Featured Designer: Jere Brooks

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Hi! My name is Jere Brooks and I’m a pattern designer living in beautiful Prince Edward Island, Canada.

Pattern and colour influence the way I view the world. I have always seen patterns everywhere! I look for order in chaos and find emotion in the colours of daily life. I love to learn and I’m curious about how things are created and how they function. I have a versatile and evolving style and my inspiration comes from diverse sources – visiting a new place, the angles of a building or colours in reflected water.

I trained as a classical archaeologist and later studied art and design at NSCAD University. Otherwise I’m largely self taught and have always worked in a creative capacity. I’ve been a digital media teacher and producer, a freelance graphic and web designer/programmer, a fashion designer with my own line and a corporate digital media product developer. For the last year I have focused my learning and practice on the textile and surface pattern design world. Being a member of the Textile Design Lab has been a huge part of my journey!

I sometimes use traditional media like acrylics, watercolour, ink and pencil, but my true love is the digital medium. I’ve been using a Mac to make art all of my adult life and it’s truly where I feel most creative and comfortable. Generative Design is my new geeky passion and I’m exploring the possibilities for exciting textile patterns from the coding process. The Encoded and Ice Princess collections shown here are examples.

Generally I start with a mood board that I keep visible as I work. This can be as simple as an inspiring word and a colour I’m loving along with a geometric shape, or sometimes more complex imagery drawn from fashion and design trends. I keep scans of my hand done motifs and digital sketches as I create them and I often go to this “vault” of prior ideas when I start a new design. It’s amazing the body of unfinished work that is just waiting for the right spark! I then define my colour palettes for easy import into Photoshop and Illustrator. I really love to have all my pieces together before I start – colour, mood, motifs, and even generative code I might use. Inevitably, I end up creating more as I go along, but having a solid, organized process allows me to jump into design easily. My best tip is to use the window tiling functions in AI & PS to see all of my designs in a collection on one screen as I work. This allows me to to create cohesiveness and balance in scale and colour.

My goals are to have my own product line of home decor and personal accessories and to find an agent to sell my designs. My other interests are knitwear textiles (I have 2 knitting machines!) and 3D product design. I’m exploring how these interests might intersect with pattern design. Thanks for reading and I hope you’ll follow me at the links below!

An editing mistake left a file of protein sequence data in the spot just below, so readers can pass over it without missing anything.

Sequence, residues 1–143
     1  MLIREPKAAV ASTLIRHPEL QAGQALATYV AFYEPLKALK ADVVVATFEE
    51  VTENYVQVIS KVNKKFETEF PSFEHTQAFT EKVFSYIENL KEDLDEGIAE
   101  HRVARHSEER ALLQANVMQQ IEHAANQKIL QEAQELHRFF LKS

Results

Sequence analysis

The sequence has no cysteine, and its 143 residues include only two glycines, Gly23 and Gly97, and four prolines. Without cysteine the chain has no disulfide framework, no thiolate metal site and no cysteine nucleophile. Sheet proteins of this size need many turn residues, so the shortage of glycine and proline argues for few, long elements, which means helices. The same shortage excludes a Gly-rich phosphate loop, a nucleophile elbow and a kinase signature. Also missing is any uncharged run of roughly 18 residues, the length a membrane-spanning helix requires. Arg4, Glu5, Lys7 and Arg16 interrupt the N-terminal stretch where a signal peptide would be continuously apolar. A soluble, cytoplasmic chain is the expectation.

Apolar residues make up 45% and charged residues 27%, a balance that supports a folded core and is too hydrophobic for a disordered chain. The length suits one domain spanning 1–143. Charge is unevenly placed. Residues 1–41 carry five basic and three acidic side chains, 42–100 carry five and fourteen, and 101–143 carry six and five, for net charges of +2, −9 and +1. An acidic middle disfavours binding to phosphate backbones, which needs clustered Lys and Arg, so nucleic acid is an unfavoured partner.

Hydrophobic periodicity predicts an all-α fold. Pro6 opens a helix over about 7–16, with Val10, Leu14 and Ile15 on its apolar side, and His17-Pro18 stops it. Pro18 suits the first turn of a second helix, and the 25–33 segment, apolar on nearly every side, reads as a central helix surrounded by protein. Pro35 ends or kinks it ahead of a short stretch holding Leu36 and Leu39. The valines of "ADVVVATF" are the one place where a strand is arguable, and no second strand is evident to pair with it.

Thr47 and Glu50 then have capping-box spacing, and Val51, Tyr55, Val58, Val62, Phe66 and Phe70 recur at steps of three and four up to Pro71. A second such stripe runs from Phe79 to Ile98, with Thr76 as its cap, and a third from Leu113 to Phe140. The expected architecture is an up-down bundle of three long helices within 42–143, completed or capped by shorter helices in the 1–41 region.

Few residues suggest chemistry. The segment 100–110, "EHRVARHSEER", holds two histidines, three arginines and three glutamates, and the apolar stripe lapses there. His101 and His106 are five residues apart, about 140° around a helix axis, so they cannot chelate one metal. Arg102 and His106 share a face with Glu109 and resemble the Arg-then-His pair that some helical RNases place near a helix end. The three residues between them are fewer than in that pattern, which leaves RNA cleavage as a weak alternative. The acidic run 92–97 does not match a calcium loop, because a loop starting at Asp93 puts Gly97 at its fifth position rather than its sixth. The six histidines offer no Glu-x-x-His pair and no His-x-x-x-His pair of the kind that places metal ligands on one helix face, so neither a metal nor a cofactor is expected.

We are excited to announce that Jere has a new video tutorial available in the Textile Design Lab as part of our Summer of Creativity. The tutorial covers MadPattern templates and how to use them to create repeating tiles to use in Illustrator and Photoshop. Join us in the Lab to check it out!

 

Exhibiting at Licensing Expo – Recap by Susanne Kasielke

Susanne Kasielke exhibited for the first time at Licensing Expo this past June and was kind enough to write up this informative post to tell us all about her experience…take it away Susanne!

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What is Licensing Expo actually?

Licensing Expo is the world’s largest and most influential annual trade show dedicated to licensing and brand extension. The show takes place in Las Vegas and is the world’s premier brand, character and art marketplace with around 450 exhibitors (e.g. Nickelodeon, Dreamworks, Hasbro, CareBears, etc). More than 16,000 retailers, licensees, manufacturers, distributors and licensing agents attend from more than 90 countries.

 

Why Licensing Expo? 

After making my trade show debut at Surtex 2015 with a collective of artists, I was ready to exhibit by myself. Since trade shows are a big financial investment I was only able to afford one show this year and preferably with a discount or special offer for first-timers. To me there were 2 options: Surtex or Licensing Expo. I decided on LE, because of the reasonably priced 6×4 feet first-timer booth. To be honest I would have preferred Surtex, but their ‘Design District’ option wasn’t what I was looking for.

Even after being in the surface design community for a while, taking classes and researching, I still didn’t know enough about Licensing Expo, but Anne Bollman’s very detailed and honest post about her experience in 2015, was the final push that made me sign up.